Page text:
silver-spotted skipper

(Epargyreus clarus)

Conservation Status
silver-spotted skipper
Photo by Mike Poeppe
  IUCN Red List

not listed

     
  NatureServe

N5 - Secure

SNR - Unranked

     
  Minnesota

not listed

     
           
           
 
Description
 
 

The pattern of pale spots on the upperside of the forewing is unique. There is a large silver spot in the middle of the hindwing underside that is noticeable in flight.

 
     
 

Size

 
 

Total Length: 1

Wingspan: 1¾ to 2

 
     
 

Similar Species

 
     
     
 
Habitat
 
 

Open areas and woodland borders

 
     
 
Biology
 
 

Season

 
 

One brood, mid-May to late September

 
     
 

Behavior

 
 

 

 
     
 

Life Cycle

 
 

 

 
     
 

Larva Hosts

 
 

Black locust, honey locust, leadplant, desert false indigo, dwarf false indigo, wild licorice, and other legumes.

 
     
 

Adult Food

 
 

Nectar of blue, red, pink, purple, and sometimes white and cream-colored flowers, but not yellow flowers.

 
     
 
Distribution
 
 

Distribution Map

 

Sources

7, 20, 21, 24, 29, 30, 71.

 
  7/12/2021      
         
 

Occurrence

 
 

 

 
         
 
Taxonomy
 
 

Order

Lepidoptera (butterflies and moths)  
 

Suborder

Glossata  
 

Infraorder

Neolepidoptera  
  Parvorder Heteroneura  
  No Rank Ditrysia  
  No Rank Obtectomera  
 

Superfamily

Papilionoidea (butterflies)  
 

Family

Hesperiidae (skippers)  
 

Subfamily

Eudaminae  
 

Genus

Epargyreus  
       
 

Skippers have traditionally been placed in their own superfamily Hesperioidea because of their morphological similarity. Recent phylogenetic analysis (Kawahara and Breinholt [2014]) suggests that they share the same common ancestor as other butterfly families, and thus belong in the superfamily, Papilionoidea.

 
       
 

Synonyms

 
 

 

 
       
 

Common Names

 
 

silverspotted skipper

silver-spotted skipper

 
       

 

 

 

 

 

 

 

 

 

 

 

 

 
 
Visitor Photos
 
           
 

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Margot Avey

 
    silver-spotted skipper   silver-spotted skipper  
           
    silver-spotted skipper      
 

Mike Poeppe

 
    silver-spotted skipper      
 

Alfredo Colon

 
    silver-spotted skipper      
           
 
MinnesotaSeasons.com Photos
 
    silver-spotted skipper   silver-spotted skipper  
           
    silver-spotted skipper      
           

 

Camera

     
 
Slideshows
 
Epargyreus clarus (Silver-spotted Skipper)
Allen Chartier
  Epargyreus clarus (Silver-spotted Skipper)  
Silver-spotted Skipper
jt893x
  Silver-spotted Skipper  
     

 

slideshow

       
 
Visitor Videos
 
       
 

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Other Videos
 
  Silver-spotted Skipper (Epargyreus clarus) nectaring on Pickerelweed (Pontederia cordata)
colong7034
 
   
 
About

Published on Aug 25, 2013

Silver-spotted Skipper (Epargyreus clarus) nectaring on Pickerelweed (Pontederia cordata), Transylvania County, NC. Shot 8/23/13

Music: "Flutter by Butterfly" by Josh Woodward (http://www.joshwoodward.com/). Seemed appropriate!

 
  Silver-spotted Skipper (Epargyreus clarus) nectaring on New York Ironweed (Vernonia noveboracensis)
colong7034
 
   
 
About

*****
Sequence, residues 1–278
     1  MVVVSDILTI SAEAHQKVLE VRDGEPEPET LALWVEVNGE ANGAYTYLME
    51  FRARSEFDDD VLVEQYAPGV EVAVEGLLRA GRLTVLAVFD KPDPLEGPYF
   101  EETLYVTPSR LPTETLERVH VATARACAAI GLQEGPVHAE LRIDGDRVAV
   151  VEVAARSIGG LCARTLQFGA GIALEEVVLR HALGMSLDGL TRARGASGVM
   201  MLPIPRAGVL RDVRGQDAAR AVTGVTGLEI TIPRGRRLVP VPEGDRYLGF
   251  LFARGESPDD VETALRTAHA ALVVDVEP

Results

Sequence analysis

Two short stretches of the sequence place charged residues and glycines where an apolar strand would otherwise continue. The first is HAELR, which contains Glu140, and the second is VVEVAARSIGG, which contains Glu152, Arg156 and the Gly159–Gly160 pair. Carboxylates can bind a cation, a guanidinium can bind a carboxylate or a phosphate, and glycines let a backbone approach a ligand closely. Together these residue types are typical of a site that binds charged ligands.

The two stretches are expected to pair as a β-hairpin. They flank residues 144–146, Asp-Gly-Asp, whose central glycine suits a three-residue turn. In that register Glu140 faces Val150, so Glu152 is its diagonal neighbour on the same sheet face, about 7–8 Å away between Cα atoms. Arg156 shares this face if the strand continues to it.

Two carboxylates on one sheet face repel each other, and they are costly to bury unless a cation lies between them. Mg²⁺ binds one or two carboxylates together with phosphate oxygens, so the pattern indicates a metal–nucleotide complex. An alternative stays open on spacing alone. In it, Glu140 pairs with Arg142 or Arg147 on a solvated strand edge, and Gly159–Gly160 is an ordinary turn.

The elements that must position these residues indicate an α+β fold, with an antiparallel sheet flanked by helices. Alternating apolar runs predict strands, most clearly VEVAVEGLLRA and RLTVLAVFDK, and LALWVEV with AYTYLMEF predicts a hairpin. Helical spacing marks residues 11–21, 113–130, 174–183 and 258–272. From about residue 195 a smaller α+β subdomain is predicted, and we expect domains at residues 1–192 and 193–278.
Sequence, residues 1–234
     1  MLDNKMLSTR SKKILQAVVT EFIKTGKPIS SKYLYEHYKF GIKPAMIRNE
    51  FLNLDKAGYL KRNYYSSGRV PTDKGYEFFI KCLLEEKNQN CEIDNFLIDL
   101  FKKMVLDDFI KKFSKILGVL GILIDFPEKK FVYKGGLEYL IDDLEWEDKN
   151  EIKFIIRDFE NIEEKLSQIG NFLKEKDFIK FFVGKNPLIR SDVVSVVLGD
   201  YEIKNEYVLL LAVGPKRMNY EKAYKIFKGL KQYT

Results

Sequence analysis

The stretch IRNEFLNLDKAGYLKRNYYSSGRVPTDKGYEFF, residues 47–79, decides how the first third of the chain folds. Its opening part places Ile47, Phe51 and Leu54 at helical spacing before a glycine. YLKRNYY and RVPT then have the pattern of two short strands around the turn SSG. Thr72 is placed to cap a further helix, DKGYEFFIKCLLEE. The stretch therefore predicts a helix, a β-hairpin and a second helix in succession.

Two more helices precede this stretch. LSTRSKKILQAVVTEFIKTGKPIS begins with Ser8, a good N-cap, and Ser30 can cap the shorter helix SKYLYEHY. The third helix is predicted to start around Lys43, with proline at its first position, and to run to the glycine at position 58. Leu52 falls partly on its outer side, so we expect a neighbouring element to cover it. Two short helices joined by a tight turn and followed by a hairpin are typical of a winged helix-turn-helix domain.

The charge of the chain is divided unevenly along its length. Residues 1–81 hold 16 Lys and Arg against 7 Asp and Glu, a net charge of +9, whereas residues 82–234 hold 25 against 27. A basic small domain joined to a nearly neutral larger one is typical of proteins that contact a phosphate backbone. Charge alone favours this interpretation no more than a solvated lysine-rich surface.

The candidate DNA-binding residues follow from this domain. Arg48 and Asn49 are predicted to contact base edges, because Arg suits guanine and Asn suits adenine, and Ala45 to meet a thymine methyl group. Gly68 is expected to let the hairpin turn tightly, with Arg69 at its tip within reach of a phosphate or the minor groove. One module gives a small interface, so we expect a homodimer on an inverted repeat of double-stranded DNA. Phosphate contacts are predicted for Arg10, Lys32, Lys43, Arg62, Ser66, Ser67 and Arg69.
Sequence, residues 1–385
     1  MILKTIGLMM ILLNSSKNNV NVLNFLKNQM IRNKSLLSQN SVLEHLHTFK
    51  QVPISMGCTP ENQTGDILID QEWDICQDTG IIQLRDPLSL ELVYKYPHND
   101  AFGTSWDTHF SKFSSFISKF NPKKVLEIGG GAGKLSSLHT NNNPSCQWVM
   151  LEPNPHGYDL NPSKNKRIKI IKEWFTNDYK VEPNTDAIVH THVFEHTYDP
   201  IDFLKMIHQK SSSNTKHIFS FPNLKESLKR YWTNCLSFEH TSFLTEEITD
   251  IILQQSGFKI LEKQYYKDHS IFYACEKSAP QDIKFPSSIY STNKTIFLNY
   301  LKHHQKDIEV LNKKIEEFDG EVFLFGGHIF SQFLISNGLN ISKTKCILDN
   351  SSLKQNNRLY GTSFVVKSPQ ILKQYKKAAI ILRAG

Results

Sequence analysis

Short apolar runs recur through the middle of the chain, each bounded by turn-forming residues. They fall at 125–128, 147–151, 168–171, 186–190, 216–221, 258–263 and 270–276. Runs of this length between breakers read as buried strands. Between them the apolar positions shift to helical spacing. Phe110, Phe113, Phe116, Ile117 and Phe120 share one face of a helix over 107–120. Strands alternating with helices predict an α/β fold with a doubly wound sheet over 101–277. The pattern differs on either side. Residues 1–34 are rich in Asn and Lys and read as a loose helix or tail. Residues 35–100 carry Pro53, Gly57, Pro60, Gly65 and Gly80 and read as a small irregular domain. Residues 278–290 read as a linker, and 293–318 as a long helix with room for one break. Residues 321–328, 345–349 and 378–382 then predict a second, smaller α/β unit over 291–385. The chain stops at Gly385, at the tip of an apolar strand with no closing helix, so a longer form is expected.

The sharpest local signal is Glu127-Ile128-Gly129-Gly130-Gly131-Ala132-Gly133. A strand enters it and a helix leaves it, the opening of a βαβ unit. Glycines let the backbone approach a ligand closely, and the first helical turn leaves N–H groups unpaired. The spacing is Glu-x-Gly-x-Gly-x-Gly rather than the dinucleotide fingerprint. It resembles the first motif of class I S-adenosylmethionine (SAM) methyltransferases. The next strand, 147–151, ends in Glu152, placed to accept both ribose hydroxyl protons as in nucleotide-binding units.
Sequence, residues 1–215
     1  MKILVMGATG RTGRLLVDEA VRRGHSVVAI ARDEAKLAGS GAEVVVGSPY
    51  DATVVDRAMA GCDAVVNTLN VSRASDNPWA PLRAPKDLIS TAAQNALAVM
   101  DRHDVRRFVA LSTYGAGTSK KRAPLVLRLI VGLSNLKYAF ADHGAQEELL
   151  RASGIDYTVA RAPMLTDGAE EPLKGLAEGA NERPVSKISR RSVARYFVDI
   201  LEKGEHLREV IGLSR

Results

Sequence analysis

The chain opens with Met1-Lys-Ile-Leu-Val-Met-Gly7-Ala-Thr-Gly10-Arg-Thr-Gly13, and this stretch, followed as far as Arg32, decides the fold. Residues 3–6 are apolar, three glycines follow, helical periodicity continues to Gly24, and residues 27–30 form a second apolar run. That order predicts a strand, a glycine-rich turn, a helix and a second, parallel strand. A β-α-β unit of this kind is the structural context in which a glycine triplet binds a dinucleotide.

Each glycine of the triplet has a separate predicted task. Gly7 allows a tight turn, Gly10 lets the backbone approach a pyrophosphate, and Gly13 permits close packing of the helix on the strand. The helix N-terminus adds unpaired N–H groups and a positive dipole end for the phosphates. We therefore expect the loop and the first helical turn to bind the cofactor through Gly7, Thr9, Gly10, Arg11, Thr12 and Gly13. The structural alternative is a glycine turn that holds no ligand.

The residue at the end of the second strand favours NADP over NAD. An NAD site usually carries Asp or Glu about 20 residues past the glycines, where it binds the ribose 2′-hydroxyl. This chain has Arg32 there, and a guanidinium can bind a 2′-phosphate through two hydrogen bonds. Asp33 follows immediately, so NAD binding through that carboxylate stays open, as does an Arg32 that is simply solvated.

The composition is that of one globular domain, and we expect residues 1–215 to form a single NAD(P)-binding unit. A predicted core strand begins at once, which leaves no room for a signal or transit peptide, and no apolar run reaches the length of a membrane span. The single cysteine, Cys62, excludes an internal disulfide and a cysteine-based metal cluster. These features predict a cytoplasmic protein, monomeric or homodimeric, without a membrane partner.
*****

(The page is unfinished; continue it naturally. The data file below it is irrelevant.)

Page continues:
Published on Aug 25, 2013

Silver-spotted Skipper (Epargyreus clarus) nectaring on New York Ironweed (Vernonia noveboracensis). Transylvania County, NC. Shot 8/23/13. Music: Flutter by butterfly" @ Joshwoodward.com

 
  Silver-spotted Skipper
Kim Smith·
 
   
 
About

Published on Jul 23, 2013

Although there appear to be far fewer Lepidoptera on the wing this year, as compared to last year's extraordinary numbers, one frequent garden visitor to gardens this summer is the Silver-spotted Skipper (Epargyreus clarus). Like butterflies and moths, skippers are members of the Order Lepidoptera and, like all Lepidoptera, they are distinguished from other insects by their scaled wings.

Skippers are characterized by, and named by, a darting (skipping) flight pattern. Skippers are also easy to identify from butterflies and moths by their antennae clubs that are hooked backward, like to a crochet hook.

The Silver-spotted Skipper caterpillars feed on members of the legume family, including Black Locust, Honey Locust, Hog Peanut, ticktrefoils (Desmodium) and False Indigo (Amorpha fruticosa).

Notice the white sploges on the skipper's under wing. The sploges resemble bird poop and are thought to be an evolutionary defense against predatory birds.

 
  The Butterfly Game - how to handle wild butterflies
precarious333
 
   
 
About

Uploaded on Oct 18, 2010

Handling wild Silver-Spotted Skippers (Epargyreus clarus). Footage of technique and them playing games, landing on my head, etc.

How to handle bumble bees:
http://www.youtube.com/watch?v=7GmlT6OIJAU

To use this video in a commercial player, advertising or in broadcasts, please email Viral Spiral: contact@viralspiralgroup.com

 
       

 

Camcorder

 
 
Visitor Sightings
 
           
 

Report a sighting of this insect.

 
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Be sure to include a location.
 
  Mike Poeppe
7/11/2021

Location: Houston County, MN

silver-spotted skipper  
  Margot Avey
6/22/2021

Location:Lake Harriet Trial Gardens in Minneapolis

silver-spotted skipper  
  Alfredo Colon
August 2019

Location: Slinger, Wisconsin

silver-spotted skipper  
  Margot Avey
8/20/2020

Location: Noerenberg Memorial Gardens - Three Rivers Park District, Crystal Bay, Lake Minnetonka MN

silver-spotted skipper  
           
 
MinnesotaSeasons.com Sightings
 
   

 

 

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